Role of Baptism

Discussion in 'General Baptist Discussions' started by mckestev, Apr 12, 2011.

  1. mckestev

    mckestev
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    I am around a lot of people from the Churches of Christ/Christian Church and a major point of debate is the role of baptism. It is my understanding that salvation occurs at the point of repentance/faith, but my Church of Christ friends are adamant that it is at the point of baptism someone actually receives forgiveness of sin.

    Being a relative youth, I was wondering what the thoughts on the issue were of some more experienced than myself. In my church there seems to be a unanimous answer of "was the thief on the cross baptized?" but this argument leads nowhere with the people I know.
     
  2. Old Union Brother

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    Baptism's role is as is written:

    (1Pe 3:21) The like figure whereunto even baptism doth also now save us (not the putting away of the filth of the flesh, but the answer of a good conscience toward God,) by the resurrection of Jesus Christ:

    (1Pe 3:22) Who is gone into heaven, and is on the right hand of God; angels and authorities and powers being made subject unto him.

    They do not understand the scripture they always use:

    Act 2:38 Then Peter said unto them, Repent, and be baptized every one of you in the name of Jesus Christ for the remission of sins, and ye shall receive the gift of the Holy Ghost.

    They do not understand that the baptism this scripture is talking about is the one mentioned in Luke

    Luk 3:16 John answered, saying unto them all, I indeed baptize you with water; but one mightier than I cometh, the latchet of whose shoes I am not worthy to unloose: he shall baptize you with the Holy Ghost and with fire:
     
  3. Jkdbuck76

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    I grew up in the Church of Christ. There are similarities and part of their heritage is baptist.

    HOWEVER, they certainly think that the rebirth happens with water baptism; that the atoning blood of Christ is contacted thru baptism; that the Holy Spirit is appropriated. They practice trinitarian baptism. And they will ONLY baptize one who professes faith.

    You will never argue successully against them. Only the TOTALITY of Scripture can enlighten them, as it did me. One should NOT build a theology of baptism upon one text.
    I learned a lot listening to Dr. McGee on baptism and he spoke on his program about it every time it came up----not just in that one spot in Acts. I also started to ask things like "why was Jesus baptized if He was sinless?" "The thief wasn't baptized was he?" "Why did the Apostle Paul downplay baptism in one of his letters?"

    It is when you take the totality of Scripture do you get the idea that baptism, while a commandment and an ordinance of the church, is not how the atonement is reached. We were saved the moment we believed, NOT the moment we were dipped.
     
  4. HAMel

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    "...but my Church of Christ friends are adamant that it is at the point of baptism someone actually receives forgiveness of sin."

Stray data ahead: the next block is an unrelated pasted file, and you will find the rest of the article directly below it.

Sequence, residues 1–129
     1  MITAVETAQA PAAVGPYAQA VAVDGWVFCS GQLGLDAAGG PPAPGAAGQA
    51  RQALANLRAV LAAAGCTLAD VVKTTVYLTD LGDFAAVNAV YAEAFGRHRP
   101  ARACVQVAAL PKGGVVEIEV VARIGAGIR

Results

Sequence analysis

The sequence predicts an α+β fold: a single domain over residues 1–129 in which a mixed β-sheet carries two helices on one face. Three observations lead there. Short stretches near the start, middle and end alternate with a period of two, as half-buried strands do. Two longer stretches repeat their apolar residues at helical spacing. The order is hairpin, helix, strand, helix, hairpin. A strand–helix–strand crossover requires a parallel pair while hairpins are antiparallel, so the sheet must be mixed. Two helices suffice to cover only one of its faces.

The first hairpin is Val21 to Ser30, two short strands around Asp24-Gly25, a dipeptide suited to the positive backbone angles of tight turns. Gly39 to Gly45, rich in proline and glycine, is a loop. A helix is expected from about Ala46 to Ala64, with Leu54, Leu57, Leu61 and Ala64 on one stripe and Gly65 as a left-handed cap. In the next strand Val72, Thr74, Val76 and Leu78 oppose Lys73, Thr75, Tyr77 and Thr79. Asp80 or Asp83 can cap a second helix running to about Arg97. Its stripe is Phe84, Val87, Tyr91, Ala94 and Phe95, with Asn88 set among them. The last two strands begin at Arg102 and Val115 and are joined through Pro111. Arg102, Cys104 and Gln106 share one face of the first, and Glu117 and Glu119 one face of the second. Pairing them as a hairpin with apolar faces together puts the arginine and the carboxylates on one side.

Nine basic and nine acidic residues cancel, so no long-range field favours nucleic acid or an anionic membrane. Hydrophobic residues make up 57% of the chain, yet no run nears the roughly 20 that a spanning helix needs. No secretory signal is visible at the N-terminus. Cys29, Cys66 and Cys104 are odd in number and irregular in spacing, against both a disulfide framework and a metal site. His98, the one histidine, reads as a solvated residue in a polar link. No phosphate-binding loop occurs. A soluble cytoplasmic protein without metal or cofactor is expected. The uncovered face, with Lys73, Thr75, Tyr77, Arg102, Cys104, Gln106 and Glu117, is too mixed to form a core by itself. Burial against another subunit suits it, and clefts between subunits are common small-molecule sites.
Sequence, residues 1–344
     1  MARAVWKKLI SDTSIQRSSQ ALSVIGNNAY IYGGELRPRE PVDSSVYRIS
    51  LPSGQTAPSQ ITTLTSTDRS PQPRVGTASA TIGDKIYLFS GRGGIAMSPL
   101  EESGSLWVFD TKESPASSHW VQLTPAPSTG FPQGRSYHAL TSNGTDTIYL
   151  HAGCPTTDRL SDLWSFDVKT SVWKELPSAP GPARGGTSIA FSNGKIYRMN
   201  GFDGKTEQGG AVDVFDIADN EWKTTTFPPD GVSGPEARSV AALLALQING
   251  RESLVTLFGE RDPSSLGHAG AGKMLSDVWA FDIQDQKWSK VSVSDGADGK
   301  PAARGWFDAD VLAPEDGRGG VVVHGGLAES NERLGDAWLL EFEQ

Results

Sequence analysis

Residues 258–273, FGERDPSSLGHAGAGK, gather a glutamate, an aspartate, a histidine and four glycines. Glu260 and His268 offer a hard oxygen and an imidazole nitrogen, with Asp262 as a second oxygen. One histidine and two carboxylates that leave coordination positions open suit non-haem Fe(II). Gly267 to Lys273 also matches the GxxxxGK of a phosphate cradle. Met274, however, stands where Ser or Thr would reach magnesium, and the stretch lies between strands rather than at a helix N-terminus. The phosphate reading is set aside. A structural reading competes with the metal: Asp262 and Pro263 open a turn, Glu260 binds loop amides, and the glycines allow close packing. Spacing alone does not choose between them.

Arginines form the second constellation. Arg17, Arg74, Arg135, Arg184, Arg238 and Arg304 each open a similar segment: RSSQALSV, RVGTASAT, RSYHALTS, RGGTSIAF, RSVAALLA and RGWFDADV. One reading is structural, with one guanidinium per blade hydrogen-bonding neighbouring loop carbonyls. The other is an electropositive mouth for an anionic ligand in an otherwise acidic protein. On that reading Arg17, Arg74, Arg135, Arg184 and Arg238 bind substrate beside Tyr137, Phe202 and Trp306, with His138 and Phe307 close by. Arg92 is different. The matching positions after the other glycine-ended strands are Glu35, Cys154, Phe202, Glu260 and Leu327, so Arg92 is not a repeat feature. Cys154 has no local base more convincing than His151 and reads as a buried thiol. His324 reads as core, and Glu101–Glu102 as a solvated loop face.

Ask 'em about that thief on the cross. Did he get baptized? And did he not find himself in paradise that day?
     
  5. Alive in Christ

    Alive in Christ
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    1st, we have to determine what water baptism is NOT. And that is that it has absolutely NOTHING to do with being saved. Salvation is permanently attained through sincere faith in Christ..alone.

    Water baptism..obviously..is a work. Faith in Christ..obviously..is not a work.

    After that saving event, water baptism is the symbolic public expression of the death of the old life..without Christ, and the "putting on" of the new life, which is...Christ.

    :jesus::godisgood:
     
    #5 Alive in Christ, Apr 12, 2011
    Last edited by a moderator: Apr 12, 2011
  6. InTheLight

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    Hmmm....I don't believe in baptism for the remission of sins, but I'm not sure I'd use the thief on the cross as an example to refute the idea.

    How are we saved today?

    Roman 10:9 that if you confess with your mouth the Lord Jesus and believe in your heart that God has raised Him from the dead, you will be saved.

    1 Cor 15:1 Moreover, brethren, I declare to you the gospel which I preached to you, which also you received and in which you stand, 2 by which also you are saved, if you hold fast that word which I preached to you—unless you believed in vain.
    3 For I delivered to you first of all that which I also received: that Christ died for our sins according to the Scriptures, 4 and that He was buried, and that He rose again the third day according to the Scriptures,


    Jesus had not yet been resurrected. The Gospel had not yet been completed. The thief on the cross was an example of Jesus, as God, forgiving someone's sins, and not an example of someone believing in the risen Christ. Mark 2:5,10; Luke 7:48.
     
  7. HAMel

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    Hmmm....I don't believe in baptism for the remission of sins, but I'm not sure I'd use the thief on the cross as an example to refute the idea.

    Why not? The thief on the cross decided that he was there to receive the due reward of his deeds (Sin) but this man (Jesus) hath done nothing amiss and then he said to Jesus, Lord, remember me when thou comest into thy kingdom.

    That's the plan of salvation. Admitting sin, acknowledging Jesus as sinless (the messiah) and asking for eternal life (salvation). It don't get "no" cleaner than this.
     
  8. Alive in Christ

    Alive in Christ
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    InTheLight...

    Why Not? It could possibly be the best example in the scriptures of justification by faith alone.

    He simply placed his faith in Christ (be mercifull to me, a sinner), and Christ assured him that he would be saved. (Today, you will be with me in paradise)

    Its a beautiful example of justification through faith alone, at the exclusion of any and all works.
     
  9. michael-acts17:11

    michael-acts17:11